A Comparison of the Muslim and Latin Christian Contemporaries on their interpretation of the Crusades and the Muslim Response in the Holy Land from 1095 to 1192

Ward Forster, Alexander (2018) A Comparison of the Muslim and Latin Christian Contemporaries on their interpretation of the Crusades and the Muslim Response in the Holy Land from 1095 to 1192. Undergraduate thesis, University of Chichester.

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Abstract

The Crusades refer to the series of military expeditions authorised by the Pope to
accomplish a specific objective such as taking Jerusalem. However, the specific definition of
the crusades is topic of historical debate itself. It is uncertain on what parts of crusading
were considered the base aspects of crusading and which were ancillary feature. Even if the
term crusading is vague, it had an undeniable effect on the Near East for both Latin
Christians and Muslims. The crusades were remarkable events by themselves but they also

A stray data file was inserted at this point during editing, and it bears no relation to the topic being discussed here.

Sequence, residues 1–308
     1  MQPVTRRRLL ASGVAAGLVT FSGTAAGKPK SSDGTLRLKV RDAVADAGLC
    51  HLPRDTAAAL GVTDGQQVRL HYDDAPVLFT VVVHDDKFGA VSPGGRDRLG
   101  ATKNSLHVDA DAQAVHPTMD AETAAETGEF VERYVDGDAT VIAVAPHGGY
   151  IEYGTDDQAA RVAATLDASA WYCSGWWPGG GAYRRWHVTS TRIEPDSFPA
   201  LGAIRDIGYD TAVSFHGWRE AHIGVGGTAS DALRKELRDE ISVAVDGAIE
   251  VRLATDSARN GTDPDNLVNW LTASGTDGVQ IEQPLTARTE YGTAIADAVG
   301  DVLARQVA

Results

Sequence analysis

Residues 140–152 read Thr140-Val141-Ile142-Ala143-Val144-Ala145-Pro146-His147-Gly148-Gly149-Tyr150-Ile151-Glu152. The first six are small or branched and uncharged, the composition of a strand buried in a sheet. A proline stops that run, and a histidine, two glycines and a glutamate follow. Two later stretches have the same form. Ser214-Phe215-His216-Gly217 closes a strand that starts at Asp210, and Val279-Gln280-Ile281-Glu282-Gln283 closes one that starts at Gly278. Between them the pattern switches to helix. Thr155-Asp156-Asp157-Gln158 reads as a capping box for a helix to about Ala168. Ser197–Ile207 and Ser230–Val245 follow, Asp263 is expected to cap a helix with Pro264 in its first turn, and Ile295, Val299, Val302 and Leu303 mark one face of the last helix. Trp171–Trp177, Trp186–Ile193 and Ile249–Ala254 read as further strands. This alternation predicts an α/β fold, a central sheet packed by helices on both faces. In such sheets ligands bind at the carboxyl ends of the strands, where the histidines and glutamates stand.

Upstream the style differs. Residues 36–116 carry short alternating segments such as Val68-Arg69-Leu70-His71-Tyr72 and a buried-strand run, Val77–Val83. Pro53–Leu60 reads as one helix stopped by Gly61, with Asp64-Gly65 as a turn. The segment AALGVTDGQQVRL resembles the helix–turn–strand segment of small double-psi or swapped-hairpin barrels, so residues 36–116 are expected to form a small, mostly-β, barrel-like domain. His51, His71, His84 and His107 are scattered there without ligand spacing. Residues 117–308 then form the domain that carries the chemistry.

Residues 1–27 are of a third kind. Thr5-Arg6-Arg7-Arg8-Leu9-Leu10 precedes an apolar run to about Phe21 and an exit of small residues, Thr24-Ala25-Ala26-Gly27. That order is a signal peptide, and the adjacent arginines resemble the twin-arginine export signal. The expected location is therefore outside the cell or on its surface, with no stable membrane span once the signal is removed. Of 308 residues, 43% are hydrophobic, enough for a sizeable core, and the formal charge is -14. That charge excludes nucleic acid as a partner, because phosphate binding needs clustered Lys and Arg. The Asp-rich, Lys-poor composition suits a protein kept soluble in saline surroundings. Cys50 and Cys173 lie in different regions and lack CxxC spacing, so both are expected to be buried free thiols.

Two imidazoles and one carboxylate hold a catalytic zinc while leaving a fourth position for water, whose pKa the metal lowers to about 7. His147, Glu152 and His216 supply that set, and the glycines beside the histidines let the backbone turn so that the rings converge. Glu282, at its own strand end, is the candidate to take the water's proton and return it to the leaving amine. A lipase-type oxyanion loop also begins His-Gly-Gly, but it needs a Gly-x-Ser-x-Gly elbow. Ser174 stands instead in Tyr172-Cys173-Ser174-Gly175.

were integral to invigorating the Muslims to respond in kind. The Near East in the 12th
century was heavily influenced by both crusading and this Muslim response in the form of
Jihad. Normally, one would not compare these two different forms of holy wars because of
the radical differences of the two faiths. The Caliph is a completely different figure to the
Pope and the concept of penance which is at the heart of the appeal of the crusades, is not
part of Islam. Regardless, crusading and Jihad became intertwined in the Near East starting
with the crusades in the late 11th century. Therefore the purpose of this work is to gather
the perspectives of Christians and Muslims on the crusades and Jihads within the Near East
up to the Third Crusade. Through their perspective, one could grasp the factors that were
important to these movements and how they succeeded or failed. This would hopefully
build a more complete picture of the crusades.

Item Type: Thesis (Undergraduate)
Subjects: D History General and Old World > D History (General)
Divisions: Departments > History
Undergraduate Dissertations
Depositing User: Gail Graffham
Date Deposited: 07 Sep 2018 13:14
Last Modified: 07 Sep 2018 13:14
URI: http://eprints.chi.ac.uk/id/eprint/3661

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